We have an unprecedented global challenge - to feed a growing population and one that is increasingly living in urban areas.  It’s estimated that by 2050, 66% of the world’s population will live in cities and much of this urban growth will take place in developing countries.  Food systems are transforming to meet demand in geographically dispersed towns, small and medium cities, as well as in mega cities (> 10 million people) which numbered 10 in 1990, 28 in 2014, and may be 41 by 2030.  Diets in poor, urban areas are changing as women enter the work force and seek out time and labor saving food options.  A growing and affluent middle class in Asia, Latin America and Africa is also driving significant changes in preferred foods, with increasing consumption of perishable foods like meat, dairy and fresh fruit and vegetables.

These and other drivers of food choice in low and middle income countries were explored in the Agriculture & Food Systems Institute Scientific Session on January 23, 2017, with presentations from experts who shared their research and perspectives on how we may address this global revolution in food systems.



Dr. Christine Blake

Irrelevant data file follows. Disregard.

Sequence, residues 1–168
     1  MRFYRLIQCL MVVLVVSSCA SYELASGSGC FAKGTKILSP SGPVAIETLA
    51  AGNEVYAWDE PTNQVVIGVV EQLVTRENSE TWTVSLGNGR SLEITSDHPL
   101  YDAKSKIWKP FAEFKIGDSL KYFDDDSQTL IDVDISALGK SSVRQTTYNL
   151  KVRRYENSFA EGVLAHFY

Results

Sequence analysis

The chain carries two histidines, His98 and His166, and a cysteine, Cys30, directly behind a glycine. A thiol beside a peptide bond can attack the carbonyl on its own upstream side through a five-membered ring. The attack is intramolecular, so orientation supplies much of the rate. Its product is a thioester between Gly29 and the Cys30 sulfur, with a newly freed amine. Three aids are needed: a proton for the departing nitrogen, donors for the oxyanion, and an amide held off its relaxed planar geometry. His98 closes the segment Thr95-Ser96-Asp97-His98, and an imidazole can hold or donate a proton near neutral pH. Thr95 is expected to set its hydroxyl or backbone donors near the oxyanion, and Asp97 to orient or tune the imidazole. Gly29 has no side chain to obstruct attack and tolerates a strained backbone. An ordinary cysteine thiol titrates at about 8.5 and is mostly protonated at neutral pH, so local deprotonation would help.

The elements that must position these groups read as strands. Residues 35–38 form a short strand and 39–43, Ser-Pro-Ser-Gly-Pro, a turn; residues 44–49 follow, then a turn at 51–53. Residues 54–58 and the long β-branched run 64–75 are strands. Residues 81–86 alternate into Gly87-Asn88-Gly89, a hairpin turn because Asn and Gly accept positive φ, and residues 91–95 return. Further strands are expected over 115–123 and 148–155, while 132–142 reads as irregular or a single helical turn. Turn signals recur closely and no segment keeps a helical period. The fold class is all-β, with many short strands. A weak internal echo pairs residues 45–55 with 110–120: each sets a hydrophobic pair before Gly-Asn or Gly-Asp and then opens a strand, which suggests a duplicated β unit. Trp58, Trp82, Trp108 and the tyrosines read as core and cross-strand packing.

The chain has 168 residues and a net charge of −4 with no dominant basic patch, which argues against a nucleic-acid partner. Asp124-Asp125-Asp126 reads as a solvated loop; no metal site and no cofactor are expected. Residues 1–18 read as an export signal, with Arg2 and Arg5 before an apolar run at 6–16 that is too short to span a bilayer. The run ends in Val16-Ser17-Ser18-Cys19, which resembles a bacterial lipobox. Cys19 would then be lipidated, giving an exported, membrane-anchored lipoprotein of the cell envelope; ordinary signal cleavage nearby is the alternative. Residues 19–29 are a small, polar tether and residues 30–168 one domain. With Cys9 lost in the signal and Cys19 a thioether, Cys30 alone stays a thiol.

Associate Professor, Health Promotion, Education, and Behavior,  Arnold School of Public Health
University of South Carolina

Dr. Adam Drewnowski

Professor, Epidemiology, Director, Center for Public Health Nutrition, School of Public Health
University of Washington

Dr. Jessica Fanzo

Bloomberg Distinguished Associate Professor, Ethics and Global Food & Agriculture
Johns Hopkins University

Dr. Suneetha Kadiyala

Associate Professor in Nutrition-Sensitive Development, Faculty of Epidemiology and Population Health
London School of Hygiene & Tropical Medicine

Dr. Peter Richards

Economic Adviser, Global Engagement & Strategy Team, Bureau for Food Security
U.S. Agency for International Development 

Dr. David L. Tschirley

Professor, International Development, Agricultural, Food, and Resource Economics
Michigan State University

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